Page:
Friday, 21 December 2007

Corby – Where is Our EU Lisbon Treaty referendum?

James McConalogue (European Foundation, London): In the not so distant past, on 8 December 2003, the elected Labour MP for Corby, Phil Hope, told the House of Commons that “…in drawing up a constitutional treaty for the European Union, the UK Government have throughout been a leading advocate both of ensuring that subsidiarity is properly enforced and of strengthening the role of national Parliaments in Europe.”

Whilst I must congratulate Mr. Hope on his honesty to espouse essentially pro-European ambitions and views as he thinks fit (although I disagree), I wonder if he still supports the same view now that the UK’s All-Party Parliamentary European Scrutiny Committee has concluded that this Reform Treaty is “substantially equivalent” to the Constitutional Treaty, that subsidiarity is not properly enforced and if anything, the Treaty places a legal obligation onto national Parliaments, including Westminster.

The solid democratic case for a referendum is based on the underlying fact that this Lisbon Treaty fundamentally alters the constitutional nature of the relationship between the United Kingdom and the European Union. Having realised the errors of those previous statements, will the MP for Corby now admit that the case for a referendum is compelling? I am concerned that he will not.

Given the need for him to maintain his small (1517) Labour majority at the next election, I realise that the elected Labour MP for Corby must now feel compelled to remain silent on the EU Reform Treaty – and of course the wholly negative impact this will have on his constituency. However, as an elected Member of Parliament, can Phil Hope not see that by refusing to let the people of Corby have their say through a referendum on the Lisbon Treaty (which fundamentally alters the nature of the relationship between the United Kingdom and the European Union), the call for democracy in this constituency and across the country will be sunk beneath the authority of unelected European officials. This is clearly undemocratic.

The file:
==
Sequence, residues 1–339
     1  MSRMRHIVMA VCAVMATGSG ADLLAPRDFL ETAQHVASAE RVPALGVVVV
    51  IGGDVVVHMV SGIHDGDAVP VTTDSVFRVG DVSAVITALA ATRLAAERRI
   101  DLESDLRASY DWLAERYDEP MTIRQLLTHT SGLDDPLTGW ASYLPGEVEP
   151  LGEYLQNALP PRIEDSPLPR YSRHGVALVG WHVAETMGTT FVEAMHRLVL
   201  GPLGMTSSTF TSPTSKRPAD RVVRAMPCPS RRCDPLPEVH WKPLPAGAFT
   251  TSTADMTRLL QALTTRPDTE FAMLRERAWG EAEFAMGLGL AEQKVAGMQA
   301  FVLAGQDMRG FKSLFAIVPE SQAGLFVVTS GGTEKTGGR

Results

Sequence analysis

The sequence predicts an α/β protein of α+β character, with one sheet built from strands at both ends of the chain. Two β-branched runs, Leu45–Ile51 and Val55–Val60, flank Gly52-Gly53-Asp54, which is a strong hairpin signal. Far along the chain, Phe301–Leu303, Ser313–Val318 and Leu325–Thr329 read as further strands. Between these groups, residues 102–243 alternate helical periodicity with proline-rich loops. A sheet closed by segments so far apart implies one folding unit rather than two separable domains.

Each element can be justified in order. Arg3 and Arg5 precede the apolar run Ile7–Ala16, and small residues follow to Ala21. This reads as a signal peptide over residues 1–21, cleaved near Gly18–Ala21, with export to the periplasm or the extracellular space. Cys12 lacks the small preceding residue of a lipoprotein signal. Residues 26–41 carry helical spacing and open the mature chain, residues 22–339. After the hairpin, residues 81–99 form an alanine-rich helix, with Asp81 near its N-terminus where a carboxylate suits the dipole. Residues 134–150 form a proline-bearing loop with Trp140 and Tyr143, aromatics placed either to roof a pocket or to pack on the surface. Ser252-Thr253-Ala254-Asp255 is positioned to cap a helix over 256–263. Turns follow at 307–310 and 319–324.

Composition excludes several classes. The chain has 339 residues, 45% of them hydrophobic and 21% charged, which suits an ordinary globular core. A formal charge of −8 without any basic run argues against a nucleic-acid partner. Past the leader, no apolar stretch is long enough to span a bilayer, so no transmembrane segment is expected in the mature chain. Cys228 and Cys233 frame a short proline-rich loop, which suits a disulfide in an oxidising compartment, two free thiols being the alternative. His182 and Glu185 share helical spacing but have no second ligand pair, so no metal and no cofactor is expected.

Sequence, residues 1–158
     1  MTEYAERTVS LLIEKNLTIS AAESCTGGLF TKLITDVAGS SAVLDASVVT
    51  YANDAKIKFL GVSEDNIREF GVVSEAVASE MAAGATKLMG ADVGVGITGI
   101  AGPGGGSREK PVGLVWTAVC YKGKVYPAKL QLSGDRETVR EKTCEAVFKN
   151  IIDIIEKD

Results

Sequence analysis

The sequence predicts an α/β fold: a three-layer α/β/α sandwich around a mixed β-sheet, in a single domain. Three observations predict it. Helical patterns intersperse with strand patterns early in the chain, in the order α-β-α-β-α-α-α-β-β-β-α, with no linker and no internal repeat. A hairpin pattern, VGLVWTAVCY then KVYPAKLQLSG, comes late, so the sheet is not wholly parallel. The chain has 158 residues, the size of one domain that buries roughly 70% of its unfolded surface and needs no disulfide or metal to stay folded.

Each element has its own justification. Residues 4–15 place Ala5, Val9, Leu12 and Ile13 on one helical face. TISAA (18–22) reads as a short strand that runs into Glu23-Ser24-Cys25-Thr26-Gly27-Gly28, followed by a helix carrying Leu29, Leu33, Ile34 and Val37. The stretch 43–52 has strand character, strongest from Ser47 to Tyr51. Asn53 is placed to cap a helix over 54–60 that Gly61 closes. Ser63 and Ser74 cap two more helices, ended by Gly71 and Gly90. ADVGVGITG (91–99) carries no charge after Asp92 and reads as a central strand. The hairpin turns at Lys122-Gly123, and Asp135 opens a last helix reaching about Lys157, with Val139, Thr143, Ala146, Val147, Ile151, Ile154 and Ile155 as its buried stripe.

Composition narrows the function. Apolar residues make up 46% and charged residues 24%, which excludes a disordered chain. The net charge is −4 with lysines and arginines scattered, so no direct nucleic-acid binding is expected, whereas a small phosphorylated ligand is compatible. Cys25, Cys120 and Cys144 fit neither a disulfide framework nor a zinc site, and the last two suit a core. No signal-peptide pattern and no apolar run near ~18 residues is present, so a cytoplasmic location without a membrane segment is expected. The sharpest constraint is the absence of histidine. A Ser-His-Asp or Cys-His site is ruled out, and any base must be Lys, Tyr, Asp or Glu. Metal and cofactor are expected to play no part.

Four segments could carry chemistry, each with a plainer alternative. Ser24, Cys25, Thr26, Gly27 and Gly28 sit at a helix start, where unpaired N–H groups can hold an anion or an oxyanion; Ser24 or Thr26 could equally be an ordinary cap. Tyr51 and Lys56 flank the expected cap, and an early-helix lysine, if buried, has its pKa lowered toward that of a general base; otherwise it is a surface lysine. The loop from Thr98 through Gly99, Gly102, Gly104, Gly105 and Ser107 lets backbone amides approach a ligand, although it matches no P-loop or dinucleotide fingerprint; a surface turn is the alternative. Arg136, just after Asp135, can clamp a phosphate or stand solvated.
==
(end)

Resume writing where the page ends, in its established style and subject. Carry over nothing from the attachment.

I can only assume, on his own terms, that the Treaty does not withstand the criteria he had previously set for it and that the case for a referendum in the interest of British democracy is compelling. Better still, he could vote against the Treaty given its detrimental consequences for the democratic future of Britain. Any action to the contrary would surely make Phil Hope unelectable at the next election.

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